We used to chant “Remember, remember the 5th of November” as it was lit with a whoosh! and there were fireworks everywhere and crackers, which I adored. It was the annual highlight of my childhood, trumped only by Christmas.
    We’d stay up really late, and before we finally went to bed, we’d push potatoes into the ashes. First thing in the morning we’d be out at the “bonnie” again, raking the still warm potatoes out, and eating the fluffy middles (and sometimes the charred outsides) and eating them with butter and salt for breakfast. Sometimes the bonfire would still be going — a pile of red embers under the ash, and we’d start up a bit of a fire again and cook sausages and toast bread on long forks or sticks. We made those bonnies last as long as possible.
    They died out here as a regular tradition after crackers and fireworks were banned. So sad. I do so love a good bonfire.
    Thanks for reminding me.

    Reply
  33. Excellent post, Nicola. I knew about the plot generally but not in the detail you shared.
    in Australia, we also used to celebrate Guy Fawkes night, and the lead-up to the 5th November was all about building the bonfire. We used to drag fallen branches from the bush (it was a good time to be clearing it away, before summer and bushfire season) and collect old tyres and anything that would burn. The pile would get bigger and bigger and the various bonfire groups would be quite competitive and on the night everyone had a neighborhood bonfire to go to. There would always be a stuffed “Guy” on top, though far from celebrating his demise, I always felt sorry for him in a vague sort of way. In any case he often represented some unpopular local person.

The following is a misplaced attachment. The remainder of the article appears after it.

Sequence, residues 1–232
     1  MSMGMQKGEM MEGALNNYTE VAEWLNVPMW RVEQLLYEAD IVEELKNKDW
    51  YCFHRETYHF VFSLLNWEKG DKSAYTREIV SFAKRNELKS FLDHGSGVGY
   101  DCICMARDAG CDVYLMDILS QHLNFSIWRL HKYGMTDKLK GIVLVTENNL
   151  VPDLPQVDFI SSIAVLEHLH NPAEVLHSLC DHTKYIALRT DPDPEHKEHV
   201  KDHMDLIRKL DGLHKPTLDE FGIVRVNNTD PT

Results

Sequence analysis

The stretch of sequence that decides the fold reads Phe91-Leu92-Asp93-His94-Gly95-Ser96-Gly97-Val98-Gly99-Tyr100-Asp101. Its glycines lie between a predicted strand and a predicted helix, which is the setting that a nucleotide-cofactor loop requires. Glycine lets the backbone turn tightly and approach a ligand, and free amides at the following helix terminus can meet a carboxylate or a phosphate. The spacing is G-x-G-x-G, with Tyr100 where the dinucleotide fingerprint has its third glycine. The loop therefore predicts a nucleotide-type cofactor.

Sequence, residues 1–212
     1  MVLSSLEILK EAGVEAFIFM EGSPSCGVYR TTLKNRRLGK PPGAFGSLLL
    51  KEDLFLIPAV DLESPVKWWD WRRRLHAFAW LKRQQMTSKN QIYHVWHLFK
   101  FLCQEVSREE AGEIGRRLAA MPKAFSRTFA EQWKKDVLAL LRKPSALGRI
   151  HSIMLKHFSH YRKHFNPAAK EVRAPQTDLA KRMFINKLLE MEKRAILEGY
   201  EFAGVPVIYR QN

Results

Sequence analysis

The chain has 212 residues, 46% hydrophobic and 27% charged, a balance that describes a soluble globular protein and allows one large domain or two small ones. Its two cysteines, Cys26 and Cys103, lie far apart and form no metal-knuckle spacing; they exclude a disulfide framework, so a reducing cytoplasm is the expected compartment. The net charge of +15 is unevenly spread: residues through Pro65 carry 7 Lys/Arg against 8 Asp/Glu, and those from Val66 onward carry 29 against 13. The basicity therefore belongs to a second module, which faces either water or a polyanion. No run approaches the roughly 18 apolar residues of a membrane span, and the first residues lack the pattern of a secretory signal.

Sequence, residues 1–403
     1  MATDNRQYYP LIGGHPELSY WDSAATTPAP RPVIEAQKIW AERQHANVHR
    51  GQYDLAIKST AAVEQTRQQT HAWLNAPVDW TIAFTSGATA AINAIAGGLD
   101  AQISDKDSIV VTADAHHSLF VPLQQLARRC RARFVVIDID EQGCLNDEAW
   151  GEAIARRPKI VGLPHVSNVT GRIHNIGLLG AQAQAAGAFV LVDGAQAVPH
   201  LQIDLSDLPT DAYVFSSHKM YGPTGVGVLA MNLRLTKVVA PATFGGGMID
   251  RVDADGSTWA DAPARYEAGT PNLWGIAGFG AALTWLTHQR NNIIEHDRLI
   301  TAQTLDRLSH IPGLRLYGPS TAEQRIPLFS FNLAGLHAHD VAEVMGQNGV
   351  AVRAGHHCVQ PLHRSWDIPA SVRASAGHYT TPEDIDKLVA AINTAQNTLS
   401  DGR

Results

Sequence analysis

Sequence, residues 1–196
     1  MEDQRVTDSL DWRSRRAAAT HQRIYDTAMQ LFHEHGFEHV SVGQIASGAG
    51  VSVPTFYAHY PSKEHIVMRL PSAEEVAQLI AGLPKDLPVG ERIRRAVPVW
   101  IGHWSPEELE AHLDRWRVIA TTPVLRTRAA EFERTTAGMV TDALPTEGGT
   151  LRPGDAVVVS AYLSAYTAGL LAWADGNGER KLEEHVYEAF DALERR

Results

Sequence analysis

We used to chant “Remember, remember the 5th of November” as it was lit with a whoosh! and there were fireworks everywhere and crackers, which I adored. It was the annual highlight of my childhood, trumped only by Christmas.